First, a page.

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Is it illegal for companies to infect adware using Windows Exploits?
tomld2




msg:579184
 8:10 pm on May 6, 2004 (gmt 0)

With so many companies finding Windows exploits to infect computers with adware, I am wondering what the law thinks about this in the USA. Is it illegal to use an exploit to install adware files on another users computer without them knowing anything about it? And if not, why are so many big name companies getting away with it?

 

tedster




msg:579185
 11:40 pm on May 6, 2004 (gmt 0)

I'm not a lawyer, but I believe that this area of the law is underdeveloped -- that is, not many explicit laws on the books and little or no clear adjudication on what potentially relevant law there is.

There are a number of lawsuits pending in several countries that may have an affect on this area when they are decided.

digitalv




msg:579186
 11:48 pm on May 6, 2004 (gmt 0)

It's not illegal, nor should it be.

All of the commercial AdWare and Spyware that's out there is fully disclosed before you install it. It says in very specific detail what the program does in that little text box called "Software License Agreement" or "Terms of Use". Many people are too stupid to read that - and that's their own mistake. Personally I read every word of every license agreement for every piece of software I install, and when I see something in the license that I don't agree with I simply DON'T INSTALL THE SOFTWARE.

Gator is a perfect example ... I went to download a Divx codec once and I noticed while reading the License agreement that Gator would also be installed, so I opted not to install the codec.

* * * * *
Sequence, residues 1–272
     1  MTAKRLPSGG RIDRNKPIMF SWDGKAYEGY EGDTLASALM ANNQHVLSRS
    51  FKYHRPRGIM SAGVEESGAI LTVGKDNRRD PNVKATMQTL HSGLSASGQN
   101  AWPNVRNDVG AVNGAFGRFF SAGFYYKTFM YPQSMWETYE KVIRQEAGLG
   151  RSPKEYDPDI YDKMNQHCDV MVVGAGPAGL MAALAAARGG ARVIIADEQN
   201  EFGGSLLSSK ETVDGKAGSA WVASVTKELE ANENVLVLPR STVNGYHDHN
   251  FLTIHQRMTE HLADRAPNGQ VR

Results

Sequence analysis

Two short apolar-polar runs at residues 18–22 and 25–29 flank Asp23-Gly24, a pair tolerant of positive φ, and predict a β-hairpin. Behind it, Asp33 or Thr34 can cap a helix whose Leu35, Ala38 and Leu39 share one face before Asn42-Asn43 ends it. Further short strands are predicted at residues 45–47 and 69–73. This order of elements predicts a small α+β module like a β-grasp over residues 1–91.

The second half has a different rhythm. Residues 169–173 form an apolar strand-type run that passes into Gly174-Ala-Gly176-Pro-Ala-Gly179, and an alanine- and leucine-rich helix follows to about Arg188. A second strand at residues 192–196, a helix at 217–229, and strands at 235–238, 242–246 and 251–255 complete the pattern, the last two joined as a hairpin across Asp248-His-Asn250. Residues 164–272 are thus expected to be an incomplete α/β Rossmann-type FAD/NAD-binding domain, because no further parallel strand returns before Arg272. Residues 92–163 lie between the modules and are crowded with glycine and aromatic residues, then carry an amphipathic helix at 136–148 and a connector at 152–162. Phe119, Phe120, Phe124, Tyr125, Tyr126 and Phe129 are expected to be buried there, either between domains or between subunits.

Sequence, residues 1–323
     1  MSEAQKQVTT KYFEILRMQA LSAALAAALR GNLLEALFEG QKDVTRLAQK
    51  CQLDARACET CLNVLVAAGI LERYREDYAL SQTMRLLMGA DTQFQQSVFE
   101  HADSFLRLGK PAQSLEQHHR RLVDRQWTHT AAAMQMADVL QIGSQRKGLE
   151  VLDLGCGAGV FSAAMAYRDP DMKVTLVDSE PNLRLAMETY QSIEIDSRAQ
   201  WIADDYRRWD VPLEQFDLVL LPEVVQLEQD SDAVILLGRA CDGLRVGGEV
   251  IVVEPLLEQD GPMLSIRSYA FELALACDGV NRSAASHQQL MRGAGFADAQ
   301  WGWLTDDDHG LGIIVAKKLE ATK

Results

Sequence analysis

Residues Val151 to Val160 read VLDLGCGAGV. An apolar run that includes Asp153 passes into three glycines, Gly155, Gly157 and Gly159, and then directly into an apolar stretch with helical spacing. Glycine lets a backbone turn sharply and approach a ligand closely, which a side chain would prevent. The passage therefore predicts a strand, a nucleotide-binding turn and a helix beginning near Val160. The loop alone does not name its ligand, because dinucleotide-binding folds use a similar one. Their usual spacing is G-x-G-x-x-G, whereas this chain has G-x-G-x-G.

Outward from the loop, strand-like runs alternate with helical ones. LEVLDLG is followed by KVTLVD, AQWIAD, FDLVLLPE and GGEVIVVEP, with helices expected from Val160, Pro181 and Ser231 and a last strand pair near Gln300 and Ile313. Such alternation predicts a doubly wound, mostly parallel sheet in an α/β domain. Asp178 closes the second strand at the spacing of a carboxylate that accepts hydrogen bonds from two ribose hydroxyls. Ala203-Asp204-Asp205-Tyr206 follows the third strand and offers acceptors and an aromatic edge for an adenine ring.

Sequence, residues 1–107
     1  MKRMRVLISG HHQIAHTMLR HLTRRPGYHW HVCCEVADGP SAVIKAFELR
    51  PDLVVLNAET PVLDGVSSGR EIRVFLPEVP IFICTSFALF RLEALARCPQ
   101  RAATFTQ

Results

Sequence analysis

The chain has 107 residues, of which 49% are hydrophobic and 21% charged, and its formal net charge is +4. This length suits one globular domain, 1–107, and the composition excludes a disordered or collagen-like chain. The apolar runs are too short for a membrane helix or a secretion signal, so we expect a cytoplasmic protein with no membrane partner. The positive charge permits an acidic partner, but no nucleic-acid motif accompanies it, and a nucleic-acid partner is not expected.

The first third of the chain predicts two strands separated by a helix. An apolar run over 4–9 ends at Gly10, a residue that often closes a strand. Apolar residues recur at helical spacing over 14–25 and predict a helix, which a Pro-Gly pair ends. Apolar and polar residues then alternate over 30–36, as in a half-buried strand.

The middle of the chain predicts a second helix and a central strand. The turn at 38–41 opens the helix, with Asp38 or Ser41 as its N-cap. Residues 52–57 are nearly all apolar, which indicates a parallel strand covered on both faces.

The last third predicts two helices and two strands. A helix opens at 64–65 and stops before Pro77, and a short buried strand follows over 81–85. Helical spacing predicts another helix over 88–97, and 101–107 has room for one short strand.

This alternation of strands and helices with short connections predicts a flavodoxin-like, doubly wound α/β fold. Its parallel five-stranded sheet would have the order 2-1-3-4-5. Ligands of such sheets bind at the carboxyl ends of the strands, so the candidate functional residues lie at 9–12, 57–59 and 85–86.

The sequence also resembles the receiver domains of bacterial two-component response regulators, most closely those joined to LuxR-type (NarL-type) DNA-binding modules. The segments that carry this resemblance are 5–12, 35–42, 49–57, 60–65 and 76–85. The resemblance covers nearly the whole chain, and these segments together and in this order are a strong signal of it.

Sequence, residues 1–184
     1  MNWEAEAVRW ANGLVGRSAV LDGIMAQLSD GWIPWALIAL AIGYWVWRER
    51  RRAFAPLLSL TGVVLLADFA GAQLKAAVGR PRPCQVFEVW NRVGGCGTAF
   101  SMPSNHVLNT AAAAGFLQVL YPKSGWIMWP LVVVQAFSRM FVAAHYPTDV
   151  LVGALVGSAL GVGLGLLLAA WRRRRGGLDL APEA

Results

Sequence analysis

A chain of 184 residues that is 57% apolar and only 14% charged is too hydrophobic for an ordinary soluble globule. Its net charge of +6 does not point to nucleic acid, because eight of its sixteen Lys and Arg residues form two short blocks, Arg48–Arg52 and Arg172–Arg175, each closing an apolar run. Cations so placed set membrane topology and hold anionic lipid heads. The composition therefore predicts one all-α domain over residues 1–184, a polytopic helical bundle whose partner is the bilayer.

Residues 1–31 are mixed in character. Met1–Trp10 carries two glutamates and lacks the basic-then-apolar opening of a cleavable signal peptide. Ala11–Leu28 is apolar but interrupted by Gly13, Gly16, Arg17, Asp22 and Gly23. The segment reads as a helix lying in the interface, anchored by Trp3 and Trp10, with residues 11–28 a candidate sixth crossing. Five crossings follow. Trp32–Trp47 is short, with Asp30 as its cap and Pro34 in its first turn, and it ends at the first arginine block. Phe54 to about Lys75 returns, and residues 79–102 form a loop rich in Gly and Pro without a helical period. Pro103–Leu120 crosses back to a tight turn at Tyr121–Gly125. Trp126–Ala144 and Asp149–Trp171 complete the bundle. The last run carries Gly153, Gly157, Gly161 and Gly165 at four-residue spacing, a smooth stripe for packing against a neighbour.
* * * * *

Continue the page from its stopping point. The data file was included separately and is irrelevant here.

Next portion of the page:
Some people never read the license agreement and then act all surprised or whine that adware/spyware is on their computer ... I mean what else do you want? It's right freaking there in the license agreement, just READ IT.

tomld2




msg:579187
 11:54 pm on May 6, 2004 (gmt 0)

Digitalav,

You missed the whole point of my post. I'm not talking about bundled adware with software, or any distribution of adware in which the terms are disclosed and the user has two options: proceed or stop.

I'm talking about distributing adware using exploits. Exploits are errors or loop holes within specific programs such as IE, media player, XP, etc. Companies use these exploits to install adware without your consent or knowledge.

An example would be using a exploit to install and adware system on a users computer simply by loading a few lines of code on the page. In this case there is no TOS, no agreement and the user has NO knowledge something was installed on their computer until they start seeing ads.

So my question is not whether disclosed adware bundles are illegal. It's whether using EXPLOITS to infect adware on PC's is legal.

Does anyone know?

digitalv




msg:579188
 11:59 pm on May 6, 2004 (gmt 0)

Ah ok, my mistake :)

To answer your real question then, no there is nothing that makes this SPECIFIC action illegal however it does fall under standard computer intrusion crimes. Presently in the eyes of the law it would be treated the same way as if a hacker placed or removed any other kind of file on your system.

Personally I don't think there SHOULD be any laws specific to AdWare - a crime is being committed because something is being taken from or put on your system without your knowledge. It shouldn't matter what the material is, the law should cover everything.

What companies do you know of that are doing this? You should let everyone know so they know to stay away :)

tedster




msg:579189
 12:02 am on May 7, 2004 (gmt 0)

Let's not go there, please. Accusations of illegal action by a specific company are not allowed here.

What's left to be said that's within our TOS? I'm locking the thread - but if you feel you have an important contribution, let me know.

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